Glory road (2006) and the white savior historical sport film

Research output: Contribution to journalArticle

4 Citations (Scopus)

Abstract

Based on a true story, Glory Road recounts the story of the 1966 national championship Texas Western College basketball team and coach Don Haskins' decision to start, for the first time in tournament history, five black players. Contextualized by sociologist Patricia Hill Collins' concept of "new racism," this article argues that filmmakers manipulated history in order to inflate Haskins' progressive convictions by omitting, augmenting, and fabricating pivotal events in the historical narrative. These ultimately pronounce a white savior at the center of history and marginalize black athletes, even in a story that ostensibly deals with their struggles for racial equality.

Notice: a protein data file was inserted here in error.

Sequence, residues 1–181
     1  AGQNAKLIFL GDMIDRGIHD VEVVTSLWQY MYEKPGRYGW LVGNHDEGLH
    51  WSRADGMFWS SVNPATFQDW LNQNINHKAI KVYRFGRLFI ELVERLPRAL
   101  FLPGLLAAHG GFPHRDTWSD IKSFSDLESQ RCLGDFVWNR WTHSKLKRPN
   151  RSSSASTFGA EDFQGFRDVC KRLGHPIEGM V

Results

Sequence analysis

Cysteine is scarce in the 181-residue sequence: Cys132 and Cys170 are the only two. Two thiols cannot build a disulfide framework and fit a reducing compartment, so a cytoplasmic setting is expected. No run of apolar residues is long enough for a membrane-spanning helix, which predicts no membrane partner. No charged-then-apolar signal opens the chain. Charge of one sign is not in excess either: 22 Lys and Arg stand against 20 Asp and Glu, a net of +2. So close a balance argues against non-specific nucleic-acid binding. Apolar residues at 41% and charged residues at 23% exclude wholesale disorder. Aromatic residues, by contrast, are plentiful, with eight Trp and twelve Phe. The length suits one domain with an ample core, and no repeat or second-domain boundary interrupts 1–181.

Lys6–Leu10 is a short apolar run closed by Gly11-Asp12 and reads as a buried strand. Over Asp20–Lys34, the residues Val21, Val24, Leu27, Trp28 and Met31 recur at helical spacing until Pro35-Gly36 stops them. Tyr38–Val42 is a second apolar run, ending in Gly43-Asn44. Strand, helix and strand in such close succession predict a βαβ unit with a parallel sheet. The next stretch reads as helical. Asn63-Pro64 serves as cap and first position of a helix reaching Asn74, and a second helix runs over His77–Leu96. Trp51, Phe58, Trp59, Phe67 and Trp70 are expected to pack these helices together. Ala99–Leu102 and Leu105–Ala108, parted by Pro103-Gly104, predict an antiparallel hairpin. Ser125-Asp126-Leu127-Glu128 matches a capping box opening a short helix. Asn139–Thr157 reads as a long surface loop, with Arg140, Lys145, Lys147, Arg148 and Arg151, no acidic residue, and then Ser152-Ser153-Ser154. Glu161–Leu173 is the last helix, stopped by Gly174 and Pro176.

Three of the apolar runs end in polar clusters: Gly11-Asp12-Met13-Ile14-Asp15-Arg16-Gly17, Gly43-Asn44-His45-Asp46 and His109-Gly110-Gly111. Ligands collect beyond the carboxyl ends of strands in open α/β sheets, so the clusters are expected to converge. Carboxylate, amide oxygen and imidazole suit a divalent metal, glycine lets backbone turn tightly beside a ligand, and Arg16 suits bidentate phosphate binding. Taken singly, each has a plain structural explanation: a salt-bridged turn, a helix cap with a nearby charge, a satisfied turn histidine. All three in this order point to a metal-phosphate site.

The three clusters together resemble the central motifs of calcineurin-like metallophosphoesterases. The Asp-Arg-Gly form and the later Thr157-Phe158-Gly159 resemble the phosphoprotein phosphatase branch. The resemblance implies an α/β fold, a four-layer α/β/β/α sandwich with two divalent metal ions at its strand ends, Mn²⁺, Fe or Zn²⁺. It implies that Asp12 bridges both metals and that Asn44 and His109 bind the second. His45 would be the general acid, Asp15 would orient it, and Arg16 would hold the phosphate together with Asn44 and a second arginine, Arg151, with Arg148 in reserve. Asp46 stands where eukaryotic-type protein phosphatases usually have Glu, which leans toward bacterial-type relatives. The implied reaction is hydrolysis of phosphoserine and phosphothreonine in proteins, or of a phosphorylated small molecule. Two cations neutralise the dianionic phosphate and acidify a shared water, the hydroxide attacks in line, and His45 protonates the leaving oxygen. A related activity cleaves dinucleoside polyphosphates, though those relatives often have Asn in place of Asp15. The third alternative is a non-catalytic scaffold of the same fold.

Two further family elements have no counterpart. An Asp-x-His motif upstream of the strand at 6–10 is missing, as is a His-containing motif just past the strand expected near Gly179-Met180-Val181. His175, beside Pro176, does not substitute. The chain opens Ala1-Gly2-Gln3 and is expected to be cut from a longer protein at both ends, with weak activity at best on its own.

Original languageEnglish (US)
Pages (from-to)205-213
Number of pages9
JournalJournal of Popular Film and Television
Volume42
Issue number4
DOIs
StatePublished - Oct 2 2014

Fingerprint

Sports
road
history
coach
athlete
sociologist
racism
equality
narrative
event
Glory
History
Saviour
Roads
Athletes
Conviction
Players
Filmmaker
True Story
Equality

All Science Journal Classification (ASJC) codes

  • Cultural Studies
  • Visual Arts and Performing Arts

Cite this

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Glory road (2006) and the white savior historical sport film. / Schultz, Jessica Lynn.

In: Journal of Popular Film and Television, Vol. 42, No. 4, 02.10.2014, p. 205-213.

Research output: Contribution to journalArticle

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